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The Captain of Capitalism : Even as Milton Friedman's Theories Have Gone Out of Vogue in Washington, His Ideas Have Come to Shape the Way Nations Manage Their Money.

December 14, 1986|JONATHAN PETERSON | Jonathan Peterson is a Times financial writer.

It's a noisy, black-tie reception at the Biltmore Hotel downtown, and the keynote speaker is holding court at the bar, Scotch and soda in hand. Timidly, a 22-year-old college student asks Milton Friedman what he thinks about drug testing in the workplace. "I'm in favor of legalizing drugs," replies the Nobel Prize-winning economist and anti-government crusader. "According to my value system, if people want to kill themselves, they have every right to do so. Most of the harm that comes from drugs is because they are illegal."

The room, bathed in a soft, blue-green light, is packed with libertarians who hold similar views. Friedman, 74, has been asked by the free-enterprise Reason Foundation to speak after dinner. But for now the crowd looms over the speaker, who--at 5 feet, 2 inches tall, bald and bespectacled-- exercises the command of a revered professor surrounded by eager students.

Somebody grumbles about government ownership of railroads. "My solution in these cases has never been to sell them," Friedman says, pausing for effect. "It's to give them away." A guest points out that such a move would be radical. "It wouldn't matter if it's radical," Friedman retorts. "It's right."

A former student-turned-psychologist says he just can't express how much he got out of Friedman's economics course in college. The professor cracks: "If you turned into a psychologist, you didn't get enough." Moments later a giggly, middle-aged woman whispers in Friedman's ear, then plants a worshipful kiss on his cheek. "You embarrass me," he protests.

One by one they step forward: students, academics, entrepreneurs--true believers all in the professor's capitalist credo. Some have serious questions; others merely want to shake the celebrated hand. Shortly, they will attack the roast beef, this assemblage of ideological outsiders who are a tad closer to the inside than they used to be.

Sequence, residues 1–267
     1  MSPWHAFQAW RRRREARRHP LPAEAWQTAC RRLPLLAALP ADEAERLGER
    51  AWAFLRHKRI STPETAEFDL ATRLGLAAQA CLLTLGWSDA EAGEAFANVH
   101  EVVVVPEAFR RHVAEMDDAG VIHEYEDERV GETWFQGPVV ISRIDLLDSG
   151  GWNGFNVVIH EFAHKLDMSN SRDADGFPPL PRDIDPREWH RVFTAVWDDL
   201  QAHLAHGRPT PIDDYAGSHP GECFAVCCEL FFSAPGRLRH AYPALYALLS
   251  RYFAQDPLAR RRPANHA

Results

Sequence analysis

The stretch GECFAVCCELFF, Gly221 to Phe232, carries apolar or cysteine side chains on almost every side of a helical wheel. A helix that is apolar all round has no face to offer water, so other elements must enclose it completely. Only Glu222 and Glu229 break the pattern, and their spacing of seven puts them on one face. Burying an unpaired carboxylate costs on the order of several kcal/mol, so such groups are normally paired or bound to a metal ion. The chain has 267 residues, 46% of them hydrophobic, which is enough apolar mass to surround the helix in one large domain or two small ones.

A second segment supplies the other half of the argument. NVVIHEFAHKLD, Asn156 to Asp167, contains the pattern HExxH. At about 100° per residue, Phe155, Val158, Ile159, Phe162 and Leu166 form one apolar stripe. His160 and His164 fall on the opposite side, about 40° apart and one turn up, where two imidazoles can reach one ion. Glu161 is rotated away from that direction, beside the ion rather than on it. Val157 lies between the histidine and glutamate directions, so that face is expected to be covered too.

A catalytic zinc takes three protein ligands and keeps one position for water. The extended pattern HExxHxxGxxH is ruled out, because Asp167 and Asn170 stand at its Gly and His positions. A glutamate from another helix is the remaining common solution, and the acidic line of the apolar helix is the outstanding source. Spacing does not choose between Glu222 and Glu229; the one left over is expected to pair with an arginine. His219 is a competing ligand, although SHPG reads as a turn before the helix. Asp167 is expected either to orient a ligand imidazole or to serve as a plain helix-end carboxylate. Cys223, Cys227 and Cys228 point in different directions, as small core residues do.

Milton Friedman--adviser to presidents, hero or villain to millions, agitator extraordinaire --is smiling.

It has been a remarkable journey for a sheltered kid from North Jersey whose early ambition was to do arithmetic for insurance companies. And his speech topic for the libertarians is apt indeed: the relationship between the world of ideas and the world of practice. For Friedman's career represents a dramatic collision between these worlds. In a striking range of areas--monetary policy, tax reform, deregulation, the volunteer army and currency exchange rates--his influence has been powerful, possibly unparalleled.

To be sure, the world of practice has been rather nasty of late to the scholar who now makes his home in Northern California. Friedman's "monetarist" teaching, that a carefully controlled increase in the money supply is the key to prosperity, has fallen out of favor with many in Washington. Free trade, another cherished value, has been undermined by restrictions on everything from Japanese autos to Canadian lumber. Other proposals to severely curtail the federal government can't get a serious hearing in Congress.

Yet to the many who consider Friedman an economist of epic stature, it's a mistake to focus on such political ups and downs.

For years, Friedman's was a lonely voice extolling the virtues of unrestricted capitalism at a time when controls over business were the vogue internationally. His crusading, once seen as reactionary, now looks prophetic. Today a capitalist renaissance is under way throughout the world. Entrepreneurs and business executives are glamorized on magazine covers. Countries as disparate as Britain, France, Argentina and even China are placing new faith in free enterprise. Capitalism, it seems, has even regained respectability among intellectuals, a trend with historic implications.

To Friedman's followers, sparking this change in the tide of ideas is the professor's legacy--and a profound one. "If you step back and look at all the sweeping political changes in the United States and even other countries--mainly in terms of economics--a lot of people have had an important effect," says Martin Anderson, a former chief domestic policy adviser to President Reagan. "But if you had to say one person who had the most impact, it's Milton Friedman."

Says Jerry Jordan, chief economist at First Interstate Bancorp and formerly a member of Reagan's Council of Economic Advisers: "He's not a one-issue economist, and he's not an economist for one era. He's so broad in applying his economics--that's why I think he will go down as the greatest."

Win or lose, Milton Friedman seems a man at peace as he settles into his eighth decade. If politicians are too dense to see the truth, that's no cause for torment. Progress is measured in terms of decades, not weeks or months. Friedman isn't self-effacing--his living room features his likeness in both a bronze bust and a portrait--but he speaks modestly of his impact.

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